Introduction: Disease related malnutrition (DRM) is a serious medical condition which is associated with an increase in morbidity and mortality, augmenting resource use and associated costs. DRM can be detected by actively and fully assessing the nutritional status. Studies in adult malnourished patients have shown that the additional health care costs are about € 2 billion (€ 2000 million) per year. The objective of the current study was to estimate the annual additional costs of DRM for pediatric patients as was done for adults.
Methods: A cost-of-illness analysis was performed to calculate the annual additional costs of DRM in 2015 pediatric patients (aged 1 month up to and including 17 years) admitted to non-academic hospitals in The Netherlands. DRM was assessed with weight-for-age, weight-for-height and height-for-age. Input variables in the formula used were length of stay and prevalence of DRM. The costs were estimated per disease as classified in the International Classification of Diseases by the WHO (ICD-10), per gender and age group. The results were expressed as an absolute monetary value as well as a percentage of the Dutch national health expenditure. Robustness of the results was checked by a sensitivity analysis.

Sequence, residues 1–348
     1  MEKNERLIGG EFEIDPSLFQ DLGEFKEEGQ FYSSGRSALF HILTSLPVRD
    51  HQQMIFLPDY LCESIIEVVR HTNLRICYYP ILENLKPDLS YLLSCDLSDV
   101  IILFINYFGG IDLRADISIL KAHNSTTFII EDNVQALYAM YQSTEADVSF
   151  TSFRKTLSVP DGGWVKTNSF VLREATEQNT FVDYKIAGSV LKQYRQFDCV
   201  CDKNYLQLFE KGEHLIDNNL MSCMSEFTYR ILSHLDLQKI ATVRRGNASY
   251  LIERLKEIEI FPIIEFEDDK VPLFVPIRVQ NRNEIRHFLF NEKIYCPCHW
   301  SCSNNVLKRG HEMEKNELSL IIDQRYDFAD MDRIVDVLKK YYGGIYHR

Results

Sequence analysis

Results: The total additional direct medical costs of DRM in pediatric patients in 2013 were estimated to be € 51 million for acute malnutrition, € 46 million when focused on chronic malnutrition and € 80 million in case of overall malnourished children. This equals 5.6% of the total Dutch hospital costs for these hospitalized children.
Conclusions: This study has shown that DRM in hospitalized children is associated with an increase in annual hospital costs with an additional amount of € 80 million, of which acute malnutrition account for the largest part.

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Clinical Nutrition ESPEN
Erasmus MC: University Medical Center Rotterdam

Freijer, K., van Puffelen, E., Joosten, K., Hulst, J., & Koopmanschap, M. (2017). The costs of disease related malnutrition in hospitalized children. Clinical Nutrition ESPEN. doi:10.1016/j.clnesp.2017.09.009